Nailing It

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I wore a little glitter for the holidays.

I’ve been polishing my nails lately.

My protagonist in the manuscript I’m just about ready to send to my agent is into manicures. The rest of the women in her family are great beauties and she believes she’s plain. The one feature she takes pride in is her hands. Like her, I get complimented on my hands, but I don’t share the same feelings about my looks and my hands (just for the record).

When was younger (junior high into my twenties) I kept my nails long and polished. But somewhere along the way I got bored with the upkeep, and over the years I grew to hate long nails. Every now and then, like before a book signing or a vacation, I’d polish my fingernails or get a manicure (always in a white or pale pink French-type look).  

But since Rae is into painting her nails, I’ve been painting my nails. I’ve rediscovered the pleasure of having little pops of color at the end of my fingertips. Right now they are a shimmering fuchsia. Up next is a Michelle Obama-inspired blue-gray called “Chic.” And I am totally going to do a keyboard manicure one day.

I wish I could call it method writing, but it’s not that intentional. I didn’t paint my nails to get a more accurate sense of how to describe it in my book (though that definitely happened). Just somehow along the way I’ve started to exhibit this aspect of her character. I did this with characters in my other novels too (especially becoming more of a gardener as I wrote about gardening).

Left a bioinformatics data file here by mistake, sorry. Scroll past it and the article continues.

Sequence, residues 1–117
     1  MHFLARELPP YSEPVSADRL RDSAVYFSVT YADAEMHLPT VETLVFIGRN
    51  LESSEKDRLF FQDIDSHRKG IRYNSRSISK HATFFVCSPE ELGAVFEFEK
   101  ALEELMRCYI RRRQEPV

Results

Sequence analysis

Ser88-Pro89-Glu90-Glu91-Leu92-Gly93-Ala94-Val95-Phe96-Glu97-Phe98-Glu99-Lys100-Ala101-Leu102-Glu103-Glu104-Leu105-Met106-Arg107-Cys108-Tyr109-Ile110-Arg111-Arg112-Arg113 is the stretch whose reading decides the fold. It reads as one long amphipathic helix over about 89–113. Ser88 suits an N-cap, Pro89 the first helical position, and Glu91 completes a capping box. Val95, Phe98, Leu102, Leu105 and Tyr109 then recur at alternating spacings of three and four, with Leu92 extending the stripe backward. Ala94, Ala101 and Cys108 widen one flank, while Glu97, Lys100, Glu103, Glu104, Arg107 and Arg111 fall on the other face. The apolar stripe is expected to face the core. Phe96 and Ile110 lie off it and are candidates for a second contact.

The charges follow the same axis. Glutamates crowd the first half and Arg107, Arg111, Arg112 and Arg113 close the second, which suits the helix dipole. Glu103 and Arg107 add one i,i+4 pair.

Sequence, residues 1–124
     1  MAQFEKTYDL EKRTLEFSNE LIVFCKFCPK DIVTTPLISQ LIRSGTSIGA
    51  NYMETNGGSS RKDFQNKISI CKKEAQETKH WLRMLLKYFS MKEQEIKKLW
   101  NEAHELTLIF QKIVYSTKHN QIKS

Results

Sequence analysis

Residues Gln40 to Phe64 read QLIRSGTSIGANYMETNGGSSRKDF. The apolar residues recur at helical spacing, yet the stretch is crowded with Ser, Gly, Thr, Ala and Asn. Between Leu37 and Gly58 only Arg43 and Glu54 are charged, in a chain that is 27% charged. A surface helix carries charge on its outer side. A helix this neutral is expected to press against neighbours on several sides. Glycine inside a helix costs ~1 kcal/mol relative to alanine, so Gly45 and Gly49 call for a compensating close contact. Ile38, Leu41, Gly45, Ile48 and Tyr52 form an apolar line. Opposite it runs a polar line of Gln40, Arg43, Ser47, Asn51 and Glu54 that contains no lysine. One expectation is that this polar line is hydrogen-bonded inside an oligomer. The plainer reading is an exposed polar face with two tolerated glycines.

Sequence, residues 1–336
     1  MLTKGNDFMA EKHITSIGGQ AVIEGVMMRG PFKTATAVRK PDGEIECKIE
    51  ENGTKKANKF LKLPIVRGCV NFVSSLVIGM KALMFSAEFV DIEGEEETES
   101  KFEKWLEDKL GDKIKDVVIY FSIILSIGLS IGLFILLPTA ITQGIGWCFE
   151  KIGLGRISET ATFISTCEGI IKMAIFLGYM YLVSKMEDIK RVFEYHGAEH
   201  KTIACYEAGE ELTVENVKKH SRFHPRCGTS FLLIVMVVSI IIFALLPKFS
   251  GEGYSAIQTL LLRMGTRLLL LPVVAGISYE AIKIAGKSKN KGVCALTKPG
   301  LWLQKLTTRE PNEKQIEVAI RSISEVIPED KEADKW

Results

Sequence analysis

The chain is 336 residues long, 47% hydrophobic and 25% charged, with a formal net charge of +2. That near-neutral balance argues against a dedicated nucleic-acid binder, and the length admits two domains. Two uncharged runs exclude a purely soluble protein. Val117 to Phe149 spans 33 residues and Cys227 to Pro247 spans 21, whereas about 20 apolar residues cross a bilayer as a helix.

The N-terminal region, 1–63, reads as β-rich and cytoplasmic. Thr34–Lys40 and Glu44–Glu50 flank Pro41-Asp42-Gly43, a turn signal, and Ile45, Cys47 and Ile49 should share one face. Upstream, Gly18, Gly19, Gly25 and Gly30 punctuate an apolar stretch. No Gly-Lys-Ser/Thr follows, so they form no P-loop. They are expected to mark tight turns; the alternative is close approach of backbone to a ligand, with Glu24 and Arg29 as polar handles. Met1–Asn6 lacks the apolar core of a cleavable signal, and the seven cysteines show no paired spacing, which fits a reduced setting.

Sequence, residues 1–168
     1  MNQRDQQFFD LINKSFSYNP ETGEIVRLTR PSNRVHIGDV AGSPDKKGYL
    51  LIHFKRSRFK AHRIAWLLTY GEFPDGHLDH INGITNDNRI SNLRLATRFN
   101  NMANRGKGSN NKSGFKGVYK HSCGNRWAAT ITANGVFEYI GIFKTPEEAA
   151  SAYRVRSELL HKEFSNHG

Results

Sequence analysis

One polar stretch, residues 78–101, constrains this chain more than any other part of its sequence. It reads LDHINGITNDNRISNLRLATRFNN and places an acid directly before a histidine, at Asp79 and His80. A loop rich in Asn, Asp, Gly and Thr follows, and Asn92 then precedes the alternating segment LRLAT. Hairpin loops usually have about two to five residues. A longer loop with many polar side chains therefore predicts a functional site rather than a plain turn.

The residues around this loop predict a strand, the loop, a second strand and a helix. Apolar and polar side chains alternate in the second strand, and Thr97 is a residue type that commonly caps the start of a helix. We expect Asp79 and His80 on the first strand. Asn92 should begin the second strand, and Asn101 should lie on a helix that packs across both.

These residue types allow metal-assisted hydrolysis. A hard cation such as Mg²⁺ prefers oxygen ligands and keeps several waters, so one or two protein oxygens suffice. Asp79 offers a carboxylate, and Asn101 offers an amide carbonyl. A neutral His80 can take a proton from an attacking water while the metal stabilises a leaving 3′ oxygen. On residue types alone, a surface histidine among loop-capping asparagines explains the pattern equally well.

I know I’m creating these characters and I know they are coming from parts of me that already exist, but it also feels like I get influenced by them and learn from them. Not only do my characters evolve as I write them, but I do as well. I’ve heard lots of stories of actors getting caught up in their roles. It seems writers can too. Thank goodness I don’t write about serial killer or vampires!

What about you? Do you ever find yourself acting like your characters?

 

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About Carleen Brice

Carleen Brice writes nonfiction and fiction. Her most recent books are the novels Orange Mint and Honey, which was made into a Lifetime television movie called “Sins of the Mother,” and Children of the Waters. She’s currently at work on a novel called Every Good Wish.

Comments

  1. says

    Carleen,

    I find that my characters give me encouragement/excuses to try new things. Learning Latin is chief among them (I’m not that far along with it yet, however)… especially when getting inside the head of a medieval scholar who would know Latin – it was both necessary homework and a fun experiment. These days I am thinking seriously of launching into yoga because another character practices it. Scary at first, my characters give a dose of courage to try what I’ve always wanted to try and just see what happens. Life and fiction bleed into one another in more ways than we realize, I think. Thanks for such a fun post!